10 Ways to Increase the Release of Obsessive Eating – Dr. Lisa Ortigara Crego

10 Ways to Increase the Release of Obsessive Eating

When I first started Dr. Lisa Weight Control Therapy Blog, I really didn’t have any goals or objectives. I just wanted a place to write my thoughts that didn’t fit the academic writing I’m trained for in addiction psychology. As such, I didn’t think I’d have too much of an audience in the beginning. I was wrong. From the start, my thoughts as a practitioner and as an individual in recovery from binge eating disorder and food addiction on topics that addressed obsessive eating, weight control, spiritual recovery, and emotional recovery pulled in interests from around the globe. I learned implementing goals and steps increases the success in the release of obsessive eating. I also learned sharing stories without the academia flare was more palatable.

I won’t bore you with the details, but I now consistently hear and see positive results in my practice and from my blog and/or emails from a wide population seeking to release obsessive eating. I found with the goal to contribute steps to build a strong recovery foundation successes increased. True, it didn’t all happen at once, patients and blog readers confessed there were some ups and downs along the way. I’ve found that the 10 steps below can help any food addict increase their ability to release weight and/or make peace with their obsessive eating—whether it’s a new issue or struggles long lived.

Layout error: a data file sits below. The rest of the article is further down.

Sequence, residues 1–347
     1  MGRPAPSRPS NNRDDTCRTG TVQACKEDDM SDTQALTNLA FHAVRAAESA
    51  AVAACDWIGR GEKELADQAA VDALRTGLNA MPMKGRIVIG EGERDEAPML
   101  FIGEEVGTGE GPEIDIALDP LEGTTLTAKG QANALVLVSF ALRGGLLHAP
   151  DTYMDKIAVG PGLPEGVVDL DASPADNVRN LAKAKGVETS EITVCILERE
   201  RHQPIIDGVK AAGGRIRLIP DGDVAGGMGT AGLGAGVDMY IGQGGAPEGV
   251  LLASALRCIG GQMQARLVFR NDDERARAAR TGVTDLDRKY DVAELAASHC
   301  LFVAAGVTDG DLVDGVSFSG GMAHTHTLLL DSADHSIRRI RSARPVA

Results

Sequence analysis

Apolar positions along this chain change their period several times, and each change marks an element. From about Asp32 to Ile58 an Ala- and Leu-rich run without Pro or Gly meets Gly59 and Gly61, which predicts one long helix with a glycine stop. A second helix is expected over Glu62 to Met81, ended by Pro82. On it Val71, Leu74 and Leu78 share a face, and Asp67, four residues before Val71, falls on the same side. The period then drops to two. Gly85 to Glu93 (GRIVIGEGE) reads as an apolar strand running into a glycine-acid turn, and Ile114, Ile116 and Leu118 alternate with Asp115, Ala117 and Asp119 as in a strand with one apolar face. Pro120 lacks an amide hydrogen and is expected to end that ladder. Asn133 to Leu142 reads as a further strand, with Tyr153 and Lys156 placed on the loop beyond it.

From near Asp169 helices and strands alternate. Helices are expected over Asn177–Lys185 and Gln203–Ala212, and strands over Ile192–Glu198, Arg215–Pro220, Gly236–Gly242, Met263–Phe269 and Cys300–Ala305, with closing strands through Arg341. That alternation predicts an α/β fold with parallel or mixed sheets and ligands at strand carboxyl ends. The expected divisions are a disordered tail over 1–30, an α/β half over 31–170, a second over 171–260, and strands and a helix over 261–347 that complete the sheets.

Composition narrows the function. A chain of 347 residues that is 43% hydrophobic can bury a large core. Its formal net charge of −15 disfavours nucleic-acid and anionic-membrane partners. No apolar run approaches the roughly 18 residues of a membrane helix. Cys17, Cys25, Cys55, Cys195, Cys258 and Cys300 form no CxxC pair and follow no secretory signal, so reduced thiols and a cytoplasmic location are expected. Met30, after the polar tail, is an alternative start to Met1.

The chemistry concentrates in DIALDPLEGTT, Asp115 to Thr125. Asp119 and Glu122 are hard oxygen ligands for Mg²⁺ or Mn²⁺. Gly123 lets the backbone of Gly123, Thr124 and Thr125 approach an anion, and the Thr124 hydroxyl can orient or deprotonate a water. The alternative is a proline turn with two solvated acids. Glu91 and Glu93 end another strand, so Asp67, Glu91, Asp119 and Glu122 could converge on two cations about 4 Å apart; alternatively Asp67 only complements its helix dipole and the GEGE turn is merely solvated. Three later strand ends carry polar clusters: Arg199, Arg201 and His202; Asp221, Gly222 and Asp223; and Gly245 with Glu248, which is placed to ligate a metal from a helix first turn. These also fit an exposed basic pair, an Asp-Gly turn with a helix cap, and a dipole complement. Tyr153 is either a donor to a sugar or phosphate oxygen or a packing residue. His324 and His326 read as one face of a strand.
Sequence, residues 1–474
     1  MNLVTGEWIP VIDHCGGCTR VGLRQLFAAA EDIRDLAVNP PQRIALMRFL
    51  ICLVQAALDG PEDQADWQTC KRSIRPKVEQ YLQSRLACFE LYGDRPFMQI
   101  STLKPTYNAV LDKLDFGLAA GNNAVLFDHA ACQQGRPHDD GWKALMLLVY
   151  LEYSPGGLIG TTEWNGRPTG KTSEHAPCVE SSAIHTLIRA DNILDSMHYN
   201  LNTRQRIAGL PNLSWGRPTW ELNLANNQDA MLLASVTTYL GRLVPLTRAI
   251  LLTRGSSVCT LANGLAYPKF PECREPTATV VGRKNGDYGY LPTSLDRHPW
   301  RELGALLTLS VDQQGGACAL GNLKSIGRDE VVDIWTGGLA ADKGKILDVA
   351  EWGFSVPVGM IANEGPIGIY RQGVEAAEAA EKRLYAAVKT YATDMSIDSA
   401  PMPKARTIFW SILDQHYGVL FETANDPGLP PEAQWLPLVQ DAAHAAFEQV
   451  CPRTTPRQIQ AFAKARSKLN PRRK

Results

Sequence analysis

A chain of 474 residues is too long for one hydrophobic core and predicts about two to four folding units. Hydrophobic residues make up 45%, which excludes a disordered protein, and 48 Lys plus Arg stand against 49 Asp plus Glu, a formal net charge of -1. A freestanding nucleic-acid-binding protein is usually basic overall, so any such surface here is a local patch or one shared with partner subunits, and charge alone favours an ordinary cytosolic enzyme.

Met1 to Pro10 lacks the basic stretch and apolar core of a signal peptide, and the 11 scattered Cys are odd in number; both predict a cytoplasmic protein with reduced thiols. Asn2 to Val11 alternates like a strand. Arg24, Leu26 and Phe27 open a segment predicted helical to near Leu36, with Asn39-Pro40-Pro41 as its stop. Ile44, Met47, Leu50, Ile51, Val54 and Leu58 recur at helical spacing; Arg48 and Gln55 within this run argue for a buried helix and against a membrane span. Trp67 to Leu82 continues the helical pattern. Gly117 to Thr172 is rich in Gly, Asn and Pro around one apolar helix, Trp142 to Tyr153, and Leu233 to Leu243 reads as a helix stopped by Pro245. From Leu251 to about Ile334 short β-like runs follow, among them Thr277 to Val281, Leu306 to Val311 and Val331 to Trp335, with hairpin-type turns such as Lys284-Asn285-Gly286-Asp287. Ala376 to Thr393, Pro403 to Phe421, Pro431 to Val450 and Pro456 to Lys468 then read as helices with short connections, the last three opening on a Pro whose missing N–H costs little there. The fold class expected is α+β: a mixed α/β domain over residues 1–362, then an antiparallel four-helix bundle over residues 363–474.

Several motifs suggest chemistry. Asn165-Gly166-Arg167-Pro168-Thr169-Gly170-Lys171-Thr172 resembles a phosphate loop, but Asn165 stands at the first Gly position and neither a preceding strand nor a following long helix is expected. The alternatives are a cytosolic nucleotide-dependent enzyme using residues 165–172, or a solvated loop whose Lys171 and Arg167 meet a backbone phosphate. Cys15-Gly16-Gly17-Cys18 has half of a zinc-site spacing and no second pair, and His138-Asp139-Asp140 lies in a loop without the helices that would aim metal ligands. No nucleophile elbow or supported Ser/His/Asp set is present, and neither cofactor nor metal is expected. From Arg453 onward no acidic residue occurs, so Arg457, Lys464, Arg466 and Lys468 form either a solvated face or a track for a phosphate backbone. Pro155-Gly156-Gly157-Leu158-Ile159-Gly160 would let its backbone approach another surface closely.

Here are my 10 ways to increase the release of obsessive eating:

1.    Remove all forms of sugar from your diet with the exception of fruit for breakfast and a fruit included in the metabolic boost later in the day. Sugar is not just an empty calorie; its effect on the food addict is much more insidious. Obese patients think it’s about the calories, but it has nothing to do with the calories. It’s a poison by itself.  Forget the fact that obesity and diabetes has skyrocketed in America in the past 30 year and it’s responsible for diseases such as heart disease, hypertension, and many common cancers, it also triggers obsessive eating and thinking.

2.    Exercise daily at least 30 minutes. It’s important to exercise because it helps maintain a healthy body, reduce stress, and improves blood circulation. More importantly, it’s important to exercise because exercising is healthy. It’s proven to help peoples overall moods, and their health, such as boosting their immune system. Exercise has also been known to keep your mind healthy as well. Get outside and connect with nature and your Higher Source while you move.

3.    Sleep seven to eight hours each night. Sleep is crucial for overall health. This is because sleep helps your body to recover and rejuvenate from your days stressors, ridding your body of fatigues. It’s your body’s chance to recharge and heal. The only way to rejuvenate all of our organs is to rest the body and sleep. Our brains need time to process all of the information it receives daily. Some even say it’s your time to clear your mind and connect with the Divine Source.

4.    Write a daily gratitude journal. Journal writing is very personal and very intimate. It allows you to tap into your inner feelings and figure out what’s going on for you in your life. Journal writing takes many forms. I, myself, especially enjoy “diary writing,” which for the most part involves the unstructured, chronological recording of the extent of a person’s life. With that, I write daily gratitude posts listing all the blessings and treasure that unfold in daily life.

5.    Meditate daily. Meditation is the act of embracing an open and inviting clear space in the mind. It’s the discovery of a corner of the mind, a quietness within the mind, a sanctuary, a resting place—paradise in the mind, a place of peace. Meditation is performed in quiet—with no agenda. Some individuals meditate by using one word to concentrate on, while others hum one note, and still others focus on something to look at, such as a cloud or flower or even a spot on the wall. Some will use a mantra, repeating it over and over again. In meditation, we spend some time in the spaciousness of not knowing.